Before European Contact with the New World, nearly a third of all Indians in North America north of Mexico lived in California. Because there are two parallel mountain chains running north and south, desert areas in the south and east, and an ocean on the west, the populations of California were isolated from indigenous groups elsewhere.
The basic living arrangements was the village, outside of which there were small satellite camps where a single family lived. The village was comprised of twenty-five to a hundred people. The creeks, food gathering, and hunting areas were communally owned, though a system of personal property applied to utensils, tools, mortars and metates.

There was a wide variety of cultural groups, with over 300 different languages or dialects spoken in California. The California tribes were self-sufficient and independent of one another.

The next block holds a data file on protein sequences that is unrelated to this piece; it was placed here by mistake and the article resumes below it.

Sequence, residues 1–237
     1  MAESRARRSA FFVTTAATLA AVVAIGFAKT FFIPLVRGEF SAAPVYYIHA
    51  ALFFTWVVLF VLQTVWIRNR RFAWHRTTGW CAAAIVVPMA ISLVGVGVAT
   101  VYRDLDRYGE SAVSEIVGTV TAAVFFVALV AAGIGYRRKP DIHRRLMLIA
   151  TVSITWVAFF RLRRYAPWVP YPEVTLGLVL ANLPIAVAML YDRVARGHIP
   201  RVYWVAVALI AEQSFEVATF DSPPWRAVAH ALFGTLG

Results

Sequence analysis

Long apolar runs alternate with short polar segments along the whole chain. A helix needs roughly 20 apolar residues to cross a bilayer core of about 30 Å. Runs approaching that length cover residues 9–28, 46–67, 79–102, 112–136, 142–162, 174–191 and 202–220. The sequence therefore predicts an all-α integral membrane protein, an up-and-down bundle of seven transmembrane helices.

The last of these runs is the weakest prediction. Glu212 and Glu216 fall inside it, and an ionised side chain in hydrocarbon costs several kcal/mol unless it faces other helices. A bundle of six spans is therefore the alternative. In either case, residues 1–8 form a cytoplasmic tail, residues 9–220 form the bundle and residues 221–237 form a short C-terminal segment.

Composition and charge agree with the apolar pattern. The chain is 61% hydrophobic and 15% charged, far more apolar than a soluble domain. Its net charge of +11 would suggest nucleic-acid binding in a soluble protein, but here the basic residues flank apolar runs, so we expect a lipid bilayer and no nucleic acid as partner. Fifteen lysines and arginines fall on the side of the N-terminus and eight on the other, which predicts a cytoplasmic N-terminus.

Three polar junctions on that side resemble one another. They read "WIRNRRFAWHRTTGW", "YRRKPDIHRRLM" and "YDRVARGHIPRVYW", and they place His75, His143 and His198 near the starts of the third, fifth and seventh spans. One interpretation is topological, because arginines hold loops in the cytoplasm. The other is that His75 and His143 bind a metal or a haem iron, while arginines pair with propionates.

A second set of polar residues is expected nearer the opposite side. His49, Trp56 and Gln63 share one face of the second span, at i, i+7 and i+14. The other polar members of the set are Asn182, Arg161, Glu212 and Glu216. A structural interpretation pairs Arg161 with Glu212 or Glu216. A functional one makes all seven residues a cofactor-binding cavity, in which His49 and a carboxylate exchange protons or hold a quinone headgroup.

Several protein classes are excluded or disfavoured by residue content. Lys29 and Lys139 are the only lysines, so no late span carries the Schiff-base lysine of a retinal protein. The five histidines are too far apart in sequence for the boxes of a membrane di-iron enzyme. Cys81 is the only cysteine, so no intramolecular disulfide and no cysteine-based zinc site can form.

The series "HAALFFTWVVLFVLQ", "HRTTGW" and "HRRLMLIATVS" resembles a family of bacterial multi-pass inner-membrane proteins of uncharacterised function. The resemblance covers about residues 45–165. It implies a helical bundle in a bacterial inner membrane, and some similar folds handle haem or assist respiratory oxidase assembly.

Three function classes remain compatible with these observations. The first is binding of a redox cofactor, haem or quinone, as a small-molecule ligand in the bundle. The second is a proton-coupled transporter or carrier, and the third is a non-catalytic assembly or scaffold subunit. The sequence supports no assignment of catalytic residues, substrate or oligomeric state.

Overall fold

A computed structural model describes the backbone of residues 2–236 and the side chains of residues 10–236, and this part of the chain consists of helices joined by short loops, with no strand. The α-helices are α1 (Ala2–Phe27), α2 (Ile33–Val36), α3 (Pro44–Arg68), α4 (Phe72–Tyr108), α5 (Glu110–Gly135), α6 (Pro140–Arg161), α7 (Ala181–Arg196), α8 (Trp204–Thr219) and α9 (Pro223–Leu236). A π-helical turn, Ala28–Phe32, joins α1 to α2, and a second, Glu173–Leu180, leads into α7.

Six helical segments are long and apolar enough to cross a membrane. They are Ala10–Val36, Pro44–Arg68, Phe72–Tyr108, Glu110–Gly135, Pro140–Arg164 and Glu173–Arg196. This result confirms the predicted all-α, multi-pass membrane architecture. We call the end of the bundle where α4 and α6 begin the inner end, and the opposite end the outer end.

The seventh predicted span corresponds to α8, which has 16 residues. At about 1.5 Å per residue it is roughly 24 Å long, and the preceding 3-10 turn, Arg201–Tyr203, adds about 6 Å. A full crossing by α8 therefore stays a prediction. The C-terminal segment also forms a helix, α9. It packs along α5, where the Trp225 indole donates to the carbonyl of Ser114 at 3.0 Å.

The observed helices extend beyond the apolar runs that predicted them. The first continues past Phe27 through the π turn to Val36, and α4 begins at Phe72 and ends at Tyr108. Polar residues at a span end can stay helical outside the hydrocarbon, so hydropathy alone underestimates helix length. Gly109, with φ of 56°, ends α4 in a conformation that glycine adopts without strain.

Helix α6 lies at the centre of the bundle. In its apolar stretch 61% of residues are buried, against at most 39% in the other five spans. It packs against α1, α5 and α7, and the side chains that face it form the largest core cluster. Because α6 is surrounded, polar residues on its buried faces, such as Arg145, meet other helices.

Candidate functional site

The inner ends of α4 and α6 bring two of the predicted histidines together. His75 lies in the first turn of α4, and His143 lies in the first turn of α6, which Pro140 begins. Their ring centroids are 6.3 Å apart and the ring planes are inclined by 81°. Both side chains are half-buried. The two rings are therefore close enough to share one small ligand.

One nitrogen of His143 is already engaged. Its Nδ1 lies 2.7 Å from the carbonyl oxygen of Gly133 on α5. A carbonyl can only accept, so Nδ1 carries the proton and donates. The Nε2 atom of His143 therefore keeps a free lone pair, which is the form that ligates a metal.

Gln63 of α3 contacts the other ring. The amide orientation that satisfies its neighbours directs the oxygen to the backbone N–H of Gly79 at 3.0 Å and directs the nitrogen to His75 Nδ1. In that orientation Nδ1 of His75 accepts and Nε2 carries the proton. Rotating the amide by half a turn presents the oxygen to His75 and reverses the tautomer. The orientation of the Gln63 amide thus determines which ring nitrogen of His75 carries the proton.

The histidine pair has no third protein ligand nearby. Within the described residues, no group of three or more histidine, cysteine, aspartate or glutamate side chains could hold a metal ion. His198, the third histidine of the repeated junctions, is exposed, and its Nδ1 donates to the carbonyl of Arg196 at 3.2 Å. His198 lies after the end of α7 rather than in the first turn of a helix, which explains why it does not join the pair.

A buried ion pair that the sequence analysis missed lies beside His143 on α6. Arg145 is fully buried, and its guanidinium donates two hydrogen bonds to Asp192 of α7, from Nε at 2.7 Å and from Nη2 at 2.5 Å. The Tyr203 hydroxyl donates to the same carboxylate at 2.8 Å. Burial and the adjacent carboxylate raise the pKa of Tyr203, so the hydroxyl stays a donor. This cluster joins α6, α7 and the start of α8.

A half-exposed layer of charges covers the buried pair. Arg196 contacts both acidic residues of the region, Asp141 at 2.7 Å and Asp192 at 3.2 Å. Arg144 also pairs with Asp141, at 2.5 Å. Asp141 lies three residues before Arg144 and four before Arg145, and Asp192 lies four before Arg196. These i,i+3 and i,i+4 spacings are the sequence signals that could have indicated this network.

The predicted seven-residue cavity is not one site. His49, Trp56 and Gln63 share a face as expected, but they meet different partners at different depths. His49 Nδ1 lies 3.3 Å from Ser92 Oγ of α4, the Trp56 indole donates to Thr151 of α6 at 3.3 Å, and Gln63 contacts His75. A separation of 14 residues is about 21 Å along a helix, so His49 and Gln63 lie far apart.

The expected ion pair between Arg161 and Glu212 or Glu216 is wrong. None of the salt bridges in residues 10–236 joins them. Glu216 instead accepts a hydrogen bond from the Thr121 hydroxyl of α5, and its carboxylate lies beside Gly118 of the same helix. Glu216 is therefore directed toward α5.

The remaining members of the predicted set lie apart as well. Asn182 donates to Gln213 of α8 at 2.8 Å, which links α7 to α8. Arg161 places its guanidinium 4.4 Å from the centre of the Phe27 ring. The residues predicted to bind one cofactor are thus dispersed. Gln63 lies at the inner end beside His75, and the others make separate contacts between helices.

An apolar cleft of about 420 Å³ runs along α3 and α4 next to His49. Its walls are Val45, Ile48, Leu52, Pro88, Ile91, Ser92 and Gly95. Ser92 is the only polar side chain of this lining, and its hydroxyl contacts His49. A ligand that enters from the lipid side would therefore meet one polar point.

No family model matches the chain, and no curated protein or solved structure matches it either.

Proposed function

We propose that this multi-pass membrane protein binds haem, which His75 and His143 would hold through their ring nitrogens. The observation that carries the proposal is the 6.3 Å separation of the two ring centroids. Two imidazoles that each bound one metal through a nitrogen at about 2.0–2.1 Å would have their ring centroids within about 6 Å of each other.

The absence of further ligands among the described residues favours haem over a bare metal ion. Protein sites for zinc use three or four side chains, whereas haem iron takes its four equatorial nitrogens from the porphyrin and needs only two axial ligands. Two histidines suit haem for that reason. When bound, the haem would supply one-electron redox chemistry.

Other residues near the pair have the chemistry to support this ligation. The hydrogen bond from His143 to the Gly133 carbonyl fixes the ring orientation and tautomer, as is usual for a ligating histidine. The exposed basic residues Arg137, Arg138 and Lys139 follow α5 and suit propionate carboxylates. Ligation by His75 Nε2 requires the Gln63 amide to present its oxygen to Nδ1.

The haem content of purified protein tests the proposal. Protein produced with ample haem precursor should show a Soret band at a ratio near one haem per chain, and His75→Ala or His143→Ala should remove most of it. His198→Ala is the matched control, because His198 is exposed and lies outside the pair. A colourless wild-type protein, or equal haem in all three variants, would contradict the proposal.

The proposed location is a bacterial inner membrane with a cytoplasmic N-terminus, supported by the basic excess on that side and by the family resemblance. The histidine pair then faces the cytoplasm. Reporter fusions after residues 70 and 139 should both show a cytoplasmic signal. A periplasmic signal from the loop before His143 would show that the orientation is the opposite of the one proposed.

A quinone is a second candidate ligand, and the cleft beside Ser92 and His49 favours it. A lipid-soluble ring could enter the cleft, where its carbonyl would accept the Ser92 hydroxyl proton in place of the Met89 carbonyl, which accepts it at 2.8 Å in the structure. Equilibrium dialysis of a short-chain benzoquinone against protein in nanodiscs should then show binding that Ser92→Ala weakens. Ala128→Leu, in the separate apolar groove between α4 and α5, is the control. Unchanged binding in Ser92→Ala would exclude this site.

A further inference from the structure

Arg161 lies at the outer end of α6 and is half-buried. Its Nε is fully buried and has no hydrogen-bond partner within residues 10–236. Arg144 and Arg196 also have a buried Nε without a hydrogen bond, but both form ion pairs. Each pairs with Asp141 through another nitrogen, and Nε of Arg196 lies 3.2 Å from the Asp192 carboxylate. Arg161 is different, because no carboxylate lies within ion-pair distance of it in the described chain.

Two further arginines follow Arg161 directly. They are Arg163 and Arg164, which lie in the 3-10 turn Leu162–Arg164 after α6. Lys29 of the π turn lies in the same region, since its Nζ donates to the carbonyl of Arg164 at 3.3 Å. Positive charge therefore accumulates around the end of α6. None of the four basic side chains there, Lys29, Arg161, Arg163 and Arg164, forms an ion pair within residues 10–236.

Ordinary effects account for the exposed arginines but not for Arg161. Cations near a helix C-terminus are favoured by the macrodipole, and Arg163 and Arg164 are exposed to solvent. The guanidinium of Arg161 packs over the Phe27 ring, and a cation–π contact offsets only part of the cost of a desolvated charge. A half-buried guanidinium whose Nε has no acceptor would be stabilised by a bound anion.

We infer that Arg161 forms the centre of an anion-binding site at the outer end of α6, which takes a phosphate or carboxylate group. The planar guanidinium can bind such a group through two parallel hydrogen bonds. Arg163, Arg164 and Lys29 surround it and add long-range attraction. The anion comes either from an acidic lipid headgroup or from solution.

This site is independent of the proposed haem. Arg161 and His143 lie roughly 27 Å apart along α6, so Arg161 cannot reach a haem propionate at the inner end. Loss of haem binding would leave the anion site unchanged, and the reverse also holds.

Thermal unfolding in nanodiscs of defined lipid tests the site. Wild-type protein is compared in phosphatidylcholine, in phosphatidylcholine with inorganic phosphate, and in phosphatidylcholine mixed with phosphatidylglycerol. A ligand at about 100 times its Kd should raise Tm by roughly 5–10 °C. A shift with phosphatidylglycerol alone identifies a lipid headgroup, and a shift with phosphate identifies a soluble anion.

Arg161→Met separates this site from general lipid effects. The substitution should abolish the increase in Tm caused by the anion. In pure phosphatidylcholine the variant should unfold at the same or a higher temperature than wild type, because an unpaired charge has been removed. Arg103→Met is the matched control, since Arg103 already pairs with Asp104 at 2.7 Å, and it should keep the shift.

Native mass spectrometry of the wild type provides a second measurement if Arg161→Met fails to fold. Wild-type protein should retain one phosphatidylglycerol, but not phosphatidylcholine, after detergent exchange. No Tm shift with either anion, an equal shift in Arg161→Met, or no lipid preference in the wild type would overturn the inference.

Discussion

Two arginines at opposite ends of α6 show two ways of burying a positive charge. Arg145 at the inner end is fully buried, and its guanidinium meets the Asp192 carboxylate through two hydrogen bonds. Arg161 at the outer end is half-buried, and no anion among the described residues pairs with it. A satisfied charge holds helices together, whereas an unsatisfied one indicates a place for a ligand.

The Serrrano were a friendly, gentle people of a pleasant disposition. Having lived in relative peace with one another, the people were not experienced fighters and were slow to rise to defend themselves. They were warlike only under great provocation. They fought with the Mohave people but were defeated by them.

The Serrano were divided into two basic subdivisions, or moities. The Tukum or Wildcats and the Wahii'yam, or Coyotes. These designations served as marriage guides. A Wildcat could marry a Coyote but not another Wildcat, and so with the Coyotes. All families traced their descent through the male line.
The leader of the village was called kika and was determined by heredity. He had an assistant called Paha who was in charge of ceremonies. Among the officials was also the chaka', or singer, charged with knowing the myths of creation and the clan songs.